Also known as a fair market value lease (FMV), an operating lease gives businesses the opportunity to access equipment without the risk of it losing its value or becoming obsolete.
benefits. This is because, instead of appearing as an asset on the balance sheet, rental payments can be offset against profits.
So, what is an operating lease and how do you account for an operating lease?
An operating lease is a contract that allows a business to use an asset, without ownership of the asset being transferred to them. In other words, the company pays to use equipment, but doesn’t own it.
Operating leases are usually short term, and the lessor is responsible for maintaining the equipment throughout the contract.
This type of financing solution allows business to replace or upgrade their equipment, without taking on the risks associated with the assets losing their value or becoming obsolete.
Then, at the end of the lease, the business can either hand the equipment back and upgrade, or extend the lease and continue to use the equipment.
An operating lease offers a number of benefits, including:
From an accounts perspective, an operating lease is treated like renting, meaning lease payments are classed as operating expenses. This means the asset doesn’t appear on the company balance sheet, but instead is classified as an expense.
Operating leases are shown as expenses on the company balance sheet. They are valued as the present value of the lease payments rather than the market value of the asset. The lease liability is also shown on the balance, again as the present value of the lease payments.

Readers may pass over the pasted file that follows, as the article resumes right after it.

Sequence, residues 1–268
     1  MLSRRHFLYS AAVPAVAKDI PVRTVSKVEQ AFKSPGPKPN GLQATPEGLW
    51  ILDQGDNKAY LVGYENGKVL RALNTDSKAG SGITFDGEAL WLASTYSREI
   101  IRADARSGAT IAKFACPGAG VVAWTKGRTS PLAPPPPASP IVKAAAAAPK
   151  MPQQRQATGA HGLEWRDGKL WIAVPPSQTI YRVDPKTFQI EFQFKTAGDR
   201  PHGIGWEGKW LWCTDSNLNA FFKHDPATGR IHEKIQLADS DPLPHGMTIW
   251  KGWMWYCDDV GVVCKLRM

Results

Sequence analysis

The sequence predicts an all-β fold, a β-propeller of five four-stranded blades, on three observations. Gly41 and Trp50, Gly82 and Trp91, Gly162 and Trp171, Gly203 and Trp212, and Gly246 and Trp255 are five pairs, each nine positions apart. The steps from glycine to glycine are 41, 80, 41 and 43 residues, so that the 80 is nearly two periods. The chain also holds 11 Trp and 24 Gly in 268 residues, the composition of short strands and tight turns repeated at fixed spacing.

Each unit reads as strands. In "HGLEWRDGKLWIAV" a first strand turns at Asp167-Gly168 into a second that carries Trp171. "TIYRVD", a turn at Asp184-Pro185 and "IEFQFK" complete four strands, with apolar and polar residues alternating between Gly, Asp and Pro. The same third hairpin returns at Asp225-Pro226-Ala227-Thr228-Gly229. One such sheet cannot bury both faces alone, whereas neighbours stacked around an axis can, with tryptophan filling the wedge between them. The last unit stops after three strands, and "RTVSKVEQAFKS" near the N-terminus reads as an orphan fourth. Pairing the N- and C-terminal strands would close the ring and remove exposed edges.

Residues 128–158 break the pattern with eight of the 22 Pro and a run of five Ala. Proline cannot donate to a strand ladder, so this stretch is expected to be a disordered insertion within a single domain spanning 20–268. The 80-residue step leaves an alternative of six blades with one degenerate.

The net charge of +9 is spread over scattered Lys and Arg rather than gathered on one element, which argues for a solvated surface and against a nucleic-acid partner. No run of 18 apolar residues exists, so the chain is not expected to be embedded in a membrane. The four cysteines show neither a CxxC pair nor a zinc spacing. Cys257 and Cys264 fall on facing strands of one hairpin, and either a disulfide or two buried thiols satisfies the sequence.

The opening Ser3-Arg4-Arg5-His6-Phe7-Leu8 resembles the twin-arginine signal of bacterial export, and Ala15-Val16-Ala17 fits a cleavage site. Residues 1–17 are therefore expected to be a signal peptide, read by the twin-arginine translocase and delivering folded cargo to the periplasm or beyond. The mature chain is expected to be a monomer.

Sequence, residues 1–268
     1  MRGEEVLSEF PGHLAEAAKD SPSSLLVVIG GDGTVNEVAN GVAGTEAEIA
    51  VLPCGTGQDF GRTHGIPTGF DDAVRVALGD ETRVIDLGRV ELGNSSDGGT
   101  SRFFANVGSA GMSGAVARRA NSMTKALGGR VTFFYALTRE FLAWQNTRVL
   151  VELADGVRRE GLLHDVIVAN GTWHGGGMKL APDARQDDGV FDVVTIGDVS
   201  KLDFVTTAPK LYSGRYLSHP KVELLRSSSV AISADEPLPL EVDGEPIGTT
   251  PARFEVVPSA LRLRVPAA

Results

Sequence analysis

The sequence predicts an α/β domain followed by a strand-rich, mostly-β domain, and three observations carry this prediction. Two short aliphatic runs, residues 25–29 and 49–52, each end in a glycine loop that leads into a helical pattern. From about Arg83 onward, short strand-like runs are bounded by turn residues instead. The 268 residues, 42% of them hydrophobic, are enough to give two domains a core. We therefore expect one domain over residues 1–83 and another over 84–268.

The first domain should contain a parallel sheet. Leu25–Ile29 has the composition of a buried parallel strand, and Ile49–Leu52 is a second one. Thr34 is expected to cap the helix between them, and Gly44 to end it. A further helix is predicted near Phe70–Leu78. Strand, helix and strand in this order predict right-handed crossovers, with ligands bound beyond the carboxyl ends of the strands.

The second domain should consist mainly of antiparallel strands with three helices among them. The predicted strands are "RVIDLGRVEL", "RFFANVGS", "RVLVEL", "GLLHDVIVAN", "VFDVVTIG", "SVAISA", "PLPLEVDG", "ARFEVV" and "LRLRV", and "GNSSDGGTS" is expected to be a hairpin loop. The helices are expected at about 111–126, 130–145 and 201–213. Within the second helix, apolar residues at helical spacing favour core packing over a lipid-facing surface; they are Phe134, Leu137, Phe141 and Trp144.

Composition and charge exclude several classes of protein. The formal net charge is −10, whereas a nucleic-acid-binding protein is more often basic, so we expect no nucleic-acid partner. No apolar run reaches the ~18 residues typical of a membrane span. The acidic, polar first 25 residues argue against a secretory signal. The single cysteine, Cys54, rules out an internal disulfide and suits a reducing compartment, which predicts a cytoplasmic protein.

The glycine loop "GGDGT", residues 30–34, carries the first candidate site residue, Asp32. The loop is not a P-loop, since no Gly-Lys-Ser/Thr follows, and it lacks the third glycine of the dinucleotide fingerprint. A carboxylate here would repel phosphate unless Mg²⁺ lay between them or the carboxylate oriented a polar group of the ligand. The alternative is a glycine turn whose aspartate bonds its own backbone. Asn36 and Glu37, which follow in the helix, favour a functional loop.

FRS 102 Section 20 determines whether a lease is classed as a finance lease or an operating lease, which impacts how it is accounted for.
If all the risks and rewards associated with the ownership of the asset are transferred from the lessor to the lessee, the lease is classed as a finance lease. This means that the asset will appear on the company’s balance sheet.
If, on the other hand, the risks and rewards associated with the asset remain with the lessor, then the lease is classed as an operating lease and payments are charged to profit or loss.
For businesses reporting to International Accounting Standards Board under IFRS, changes came into force on 1 January 2019, taking a new approach to leasing – IFRS 16.
IFRS 16 takes a new approach to accounting for leases, known as the right-of-use model. This means that, if a company has control over, or the right to use, an asset they are renting, it is classified as a lease for accounting purposes and so must be recognised on the company’s balance sheet.
This means operating leases and other financial liabilities cannot be held off-balance as they had been under the previous rules.
How assets that are subject to operating leases (in other words, the assets that the lessor rents out) are recognised on the lessor’s balance sheet, depends on the nature of the asset. The income arising from the lease is recognised in the lessor’s profit and loss account over the life of the lease, on a straight-line basis.
If, for any reason, there are variable lease payments, they should be recorded in the profit or loss for the relevant reporting period.
See full details of how a lessor accounts for an operating lease here.
Here at CHG-MERIDIAN, we offer a range of finance solutions, including operating leases. If you would like to find out more about our leasing options and services, please don’t hesitate to get in touch.